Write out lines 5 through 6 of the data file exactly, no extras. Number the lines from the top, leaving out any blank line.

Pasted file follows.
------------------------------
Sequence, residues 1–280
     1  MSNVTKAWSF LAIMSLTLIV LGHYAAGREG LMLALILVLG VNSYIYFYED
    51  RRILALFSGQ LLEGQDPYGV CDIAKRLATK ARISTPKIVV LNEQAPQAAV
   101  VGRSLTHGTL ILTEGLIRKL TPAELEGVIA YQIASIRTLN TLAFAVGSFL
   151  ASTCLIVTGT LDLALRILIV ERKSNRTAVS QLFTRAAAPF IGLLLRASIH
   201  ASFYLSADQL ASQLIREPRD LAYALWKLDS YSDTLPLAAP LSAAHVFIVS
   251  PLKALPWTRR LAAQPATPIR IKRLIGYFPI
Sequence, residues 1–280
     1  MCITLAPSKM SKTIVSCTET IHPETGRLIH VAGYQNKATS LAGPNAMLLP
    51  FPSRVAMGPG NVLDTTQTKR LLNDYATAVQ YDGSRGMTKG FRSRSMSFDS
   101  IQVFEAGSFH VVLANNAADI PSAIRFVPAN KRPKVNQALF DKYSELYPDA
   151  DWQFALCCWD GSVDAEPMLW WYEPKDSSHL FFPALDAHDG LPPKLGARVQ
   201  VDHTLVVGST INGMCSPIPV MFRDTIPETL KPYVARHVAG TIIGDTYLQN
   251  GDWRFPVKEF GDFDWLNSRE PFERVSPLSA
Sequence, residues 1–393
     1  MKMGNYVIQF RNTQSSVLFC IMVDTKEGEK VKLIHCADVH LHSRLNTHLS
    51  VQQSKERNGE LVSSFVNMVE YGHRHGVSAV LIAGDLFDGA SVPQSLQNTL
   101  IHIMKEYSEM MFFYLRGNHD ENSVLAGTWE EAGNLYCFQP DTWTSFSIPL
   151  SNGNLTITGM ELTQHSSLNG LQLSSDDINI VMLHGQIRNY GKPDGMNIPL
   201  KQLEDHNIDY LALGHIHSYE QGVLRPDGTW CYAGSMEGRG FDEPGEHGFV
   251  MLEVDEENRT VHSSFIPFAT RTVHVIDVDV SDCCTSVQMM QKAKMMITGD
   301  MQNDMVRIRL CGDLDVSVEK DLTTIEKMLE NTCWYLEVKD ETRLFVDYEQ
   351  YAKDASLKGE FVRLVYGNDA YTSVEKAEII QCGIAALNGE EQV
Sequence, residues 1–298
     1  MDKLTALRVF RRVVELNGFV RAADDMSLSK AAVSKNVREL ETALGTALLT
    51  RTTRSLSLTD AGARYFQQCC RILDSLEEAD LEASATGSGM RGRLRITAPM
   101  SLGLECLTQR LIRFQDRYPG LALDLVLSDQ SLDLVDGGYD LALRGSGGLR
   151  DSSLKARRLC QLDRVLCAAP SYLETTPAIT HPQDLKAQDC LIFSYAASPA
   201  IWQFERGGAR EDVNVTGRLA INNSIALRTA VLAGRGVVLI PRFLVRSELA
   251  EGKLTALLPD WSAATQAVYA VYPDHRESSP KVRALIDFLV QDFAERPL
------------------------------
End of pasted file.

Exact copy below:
   151  ASTCLIVTGT LDLALRILIV ERKSNRTAVS QLFTRAAAPF IGLLLRASIH
   201  ASFYLSADQL ASQLIREPRD LAYALWKLDS YSDTLPLAAP LSAAHVFIVS